Next novel petfood proteins: insects and test-tube meats?

Dwindling supplies and rising prices of traditional proteins may drive the petfood and human food industries to new sources, despite consumer distaste.

From alligator and brushtail possum in dog treats to kangaroo and buffalo in dog and cat foods, petfood companies have cleverly catered to--and, to some extent, helped create and stoke--growing consumer demand for ever more exotic and novel sources of protein. Just as people are seeking to try new types, and increase the levels, of protein in the foods they eat, they are doing the same for their pets' foods, thanks to ongoing humanization. In some cases, beliefs that novel proteins will help alleviate what might be pet allergies or sensitivities to certain types of protein also play a role.

For manufacturers of both petfood and human food, however, this goes far beyond marketing appeal. The soaring demand for protein poses a real challenge, because current available supplies just can't keep up. This gap between protein supply and demand is expected to continue to expand as the world population reaches 9 billion people by the year 2050 (and as global pet ownership also increases).

To help address the challenge, at least on the human food side, the Institute of Food Technologists initiated a program called FutureFood 2050. The related website has recently showcased a series on alternative proteins, featuring interviews with scientists and entrepreneurs studying things such as developing non-dairy protein from sweet blue lupine seeds and using plant-based proteins to "copy" meat.

While those might not be practical for petfood--especially for cat food, with cats being obligate carnivores--other studies might be worth our industry's time and interest. For example, in 2013, Dutch physiologist Mark Post and his team made news when they created and served burgers made of lab-grown cultured meat. In a FutureFood 2050 interview, Post says he's working on a business plan to start a company based on the technology this year and that he can imagine commercial cultured meat "factories" opening in developing countries within the next 10 years.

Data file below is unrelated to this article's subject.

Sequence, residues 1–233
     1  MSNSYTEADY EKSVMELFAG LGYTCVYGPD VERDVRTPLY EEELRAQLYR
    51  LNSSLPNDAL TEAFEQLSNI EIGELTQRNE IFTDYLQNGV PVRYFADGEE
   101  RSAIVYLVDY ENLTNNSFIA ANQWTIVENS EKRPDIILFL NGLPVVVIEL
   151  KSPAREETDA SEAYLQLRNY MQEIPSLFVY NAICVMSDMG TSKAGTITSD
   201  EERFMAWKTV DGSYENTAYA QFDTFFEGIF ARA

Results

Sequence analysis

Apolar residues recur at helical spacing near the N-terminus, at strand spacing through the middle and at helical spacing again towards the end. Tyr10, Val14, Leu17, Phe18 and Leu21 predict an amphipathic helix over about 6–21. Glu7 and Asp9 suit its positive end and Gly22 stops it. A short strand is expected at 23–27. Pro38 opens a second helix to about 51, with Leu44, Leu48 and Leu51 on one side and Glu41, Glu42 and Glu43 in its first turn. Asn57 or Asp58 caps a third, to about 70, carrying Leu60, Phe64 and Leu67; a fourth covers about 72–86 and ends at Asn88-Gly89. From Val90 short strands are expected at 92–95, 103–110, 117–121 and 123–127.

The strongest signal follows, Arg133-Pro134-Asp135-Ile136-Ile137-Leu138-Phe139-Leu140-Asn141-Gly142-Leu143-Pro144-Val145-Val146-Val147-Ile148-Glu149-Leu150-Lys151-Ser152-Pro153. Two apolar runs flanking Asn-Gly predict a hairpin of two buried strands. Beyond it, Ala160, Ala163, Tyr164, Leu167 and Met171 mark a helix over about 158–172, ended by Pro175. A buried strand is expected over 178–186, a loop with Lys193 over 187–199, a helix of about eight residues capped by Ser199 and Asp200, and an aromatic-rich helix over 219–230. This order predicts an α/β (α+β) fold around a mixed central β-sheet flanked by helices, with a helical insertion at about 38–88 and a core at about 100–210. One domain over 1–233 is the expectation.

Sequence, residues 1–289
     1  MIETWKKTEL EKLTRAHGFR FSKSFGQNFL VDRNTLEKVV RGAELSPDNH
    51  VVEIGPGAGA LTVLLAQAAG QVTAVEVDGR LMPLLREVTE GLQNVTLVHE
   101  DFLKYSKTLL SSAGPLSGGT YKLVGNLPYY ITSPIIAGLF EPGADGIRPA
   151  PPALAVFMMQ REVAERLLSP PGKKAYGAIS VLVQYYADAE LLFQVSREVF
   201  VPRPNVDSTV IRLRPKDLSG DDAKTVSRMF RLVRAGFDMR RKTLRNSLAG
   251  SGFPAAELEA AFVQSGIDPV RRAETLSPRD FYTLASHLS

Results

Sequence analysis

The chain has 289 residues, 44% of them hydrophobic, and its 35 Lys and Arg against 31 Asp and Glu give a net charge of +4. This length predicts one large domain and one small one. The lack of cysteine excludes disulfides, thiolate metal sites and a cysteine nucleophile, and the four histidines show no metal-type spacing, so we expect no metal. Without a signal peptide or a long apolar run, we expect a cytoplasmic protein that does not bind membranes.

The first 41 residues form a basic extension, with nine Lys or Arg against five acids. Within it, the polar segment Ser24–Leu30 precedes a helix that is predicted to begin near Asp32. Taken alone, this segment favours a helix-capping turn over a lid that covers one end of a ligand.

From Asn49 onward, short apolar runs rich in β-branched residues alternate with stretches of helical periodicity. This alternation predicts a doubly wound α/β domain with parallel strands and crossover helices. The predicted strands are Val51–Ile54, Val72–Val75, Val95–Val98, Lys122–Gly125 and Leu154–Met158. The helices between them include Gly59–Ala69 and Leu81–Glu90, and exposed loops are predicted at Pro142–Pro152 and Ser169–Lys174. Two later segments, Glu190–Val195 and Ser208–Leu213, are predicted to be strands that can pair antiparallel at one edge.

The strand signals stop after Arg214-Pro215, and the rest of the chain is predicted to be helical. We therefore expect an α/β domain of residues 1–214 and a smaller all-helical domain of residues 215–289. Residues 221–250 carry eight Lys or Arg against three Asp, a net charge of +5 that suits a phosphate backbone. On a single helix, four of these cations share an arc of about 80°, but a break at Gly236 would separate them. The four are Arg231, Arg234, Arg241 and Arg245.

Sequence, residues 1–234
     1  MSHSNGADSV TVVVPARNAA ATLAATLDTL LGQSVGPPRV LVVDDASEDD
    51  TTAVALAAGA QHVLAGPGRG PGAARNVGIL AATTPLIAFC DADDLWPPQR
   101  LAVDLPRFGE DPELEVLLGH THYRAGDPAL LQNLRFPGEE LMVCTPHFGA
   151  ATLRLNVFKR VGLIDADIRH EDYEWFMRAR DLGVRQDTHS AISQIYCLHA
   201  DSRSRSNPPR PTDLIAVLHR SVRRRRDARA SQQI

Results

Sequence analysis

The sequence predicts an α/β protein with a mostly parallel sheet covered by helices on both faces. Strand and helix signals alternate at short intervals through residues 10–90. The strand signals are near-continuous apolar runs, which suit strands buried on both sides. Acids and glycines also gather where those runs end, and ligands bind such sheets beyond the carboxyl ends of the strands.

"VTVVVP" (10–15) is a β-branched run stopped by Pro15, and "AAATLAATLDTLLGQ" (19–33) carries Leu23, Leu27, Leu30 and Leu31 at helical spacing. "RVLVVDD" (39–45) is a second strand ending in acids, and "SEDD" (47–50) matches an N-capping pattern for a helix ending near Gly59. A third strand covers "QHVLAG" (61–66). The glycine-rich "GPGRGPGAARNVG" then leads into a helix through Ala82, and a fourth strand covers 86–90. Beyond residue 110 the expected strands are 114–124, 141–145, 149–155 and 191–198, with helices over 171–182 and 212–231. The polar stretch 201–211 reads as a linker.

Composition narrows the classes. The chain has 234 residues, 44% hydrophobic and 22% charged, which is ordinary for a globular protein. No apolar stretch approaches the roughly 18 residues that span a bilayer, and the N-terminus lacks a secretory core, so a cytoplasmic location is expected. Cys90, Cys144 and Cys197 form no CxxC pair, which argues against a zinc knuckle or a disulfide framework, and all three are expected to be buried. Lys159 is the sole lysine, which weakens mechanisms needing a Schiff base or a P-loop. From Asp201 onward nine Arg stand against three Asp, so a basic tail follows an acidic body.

Another alternative protein source gaining attention is insects, and that is already spilling over into petfood. FutureFood 2050 highlights two entrepreneurs in this area: Daniel Imrie-Situnayake of Tiny Farms, which is trying to bring modern agricultural technology to insect production, especially with crickets, to drive scale and lower costs; and Harman Singh Johar of Aspire Food Group, an edible insect supplier with projects in the US, Ghana and Mexico, who believes innovation combined with competition can help scale up insect production to make it more efficient and financially feasible.

With both alternatives, lab-created meat and insects, there is a decided "ick"? factor for many people. Entomophagy (the practice of eating insects) is fairly common in some parts of the world but definitely not in developed regions like North America and Western Europe. While cheerleaders such as the people interviewed by FutureFood 2050 claim the practice is growing globally--citing examples such as JetBlue Airlines announcing it would start serving cricket flour protein bars in snack boxes this year--that doesn't mean people on JetBlue flights will actually eat the bars, especially after reading the label.

As for lab-grown meats, witness the outrage that occurred in the US a few years ago when news broke that McDonald's and other restaurants were using a meat product called "pink slime"? or finely textured lean beef, in their burgers and other meat offerings.

This distaste for alternative meats and insects has a clear implication for petfood--again, thanks to humanization. Case in point: by-products, those parts of livestock animals deemed too gross for people to eat yet, at one point, a perfect source of protein for pets because of high availability, digestibility and palatability. Then they became demonized and are now used as a negative marketing tool by some petfood companies.

It's too soon to know if a similar fate awaits insect protein in petfood. One company, Protix BV, is trying to make the case for this protein source for both human food and petfood: Working with private label petfood manufacturer Jonker Petfood last year, it developed a prototype dog food with insects as the only source of protein. (One of the Protix co-founders, Tarique Arsiwalla, will be addressing petfood applications for insect-based ingredients at Petfood Forum Europe 2015 on June 10 in Cologne, Germany.)

What Protix and other companies are betting on is the cold, hard reality of market supply and demand, and the escalating prices of current, traditional protein sources. Last year, NPR reported that, due to rising beef prices, even pink slime was making a comeback.





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